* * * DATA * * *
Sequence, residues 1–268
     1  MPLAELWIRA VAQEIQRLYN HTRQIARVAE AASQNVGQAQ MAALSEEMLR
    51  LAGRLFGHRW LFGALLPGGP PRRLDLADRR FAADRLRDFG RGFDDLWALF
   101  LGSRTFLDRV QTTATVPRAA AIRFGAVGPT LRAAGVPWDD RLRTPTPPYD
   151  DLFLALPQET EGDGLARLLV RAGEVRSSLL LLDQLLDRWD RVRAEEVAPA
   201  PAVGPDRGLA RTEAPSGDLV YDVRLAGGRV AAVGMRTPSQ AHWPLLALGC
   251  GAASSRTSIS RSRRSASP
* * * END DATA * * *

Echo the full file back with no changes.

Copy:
Sequence, residues 1–268
     1  MPLAELWIRA VAQEIQRLYN HTRQIARVAE AASQNVGQAQ MAALSEEMLR
    51  LAGRLFGHRW LFGALLPGGP PRRLDLADRR FAADRLRDFG RGFDDLWALF
   101  LGSRTFLDRV QTTATVPRAA AIRFGAVGPT LRAAGVPWDD RLRTPTPPYD
   151  DLFLALPQET EGDGLARLLV RAGEVRSSLL LLDQLLDRWD RVRAEEVAPA
   201  PAVGPDRGLA RTEAPSGDLV YDVRLAGGRV AAVGMRTPSQ AHWPLLALGC
   251  GAASSRTSIS RSRRSASP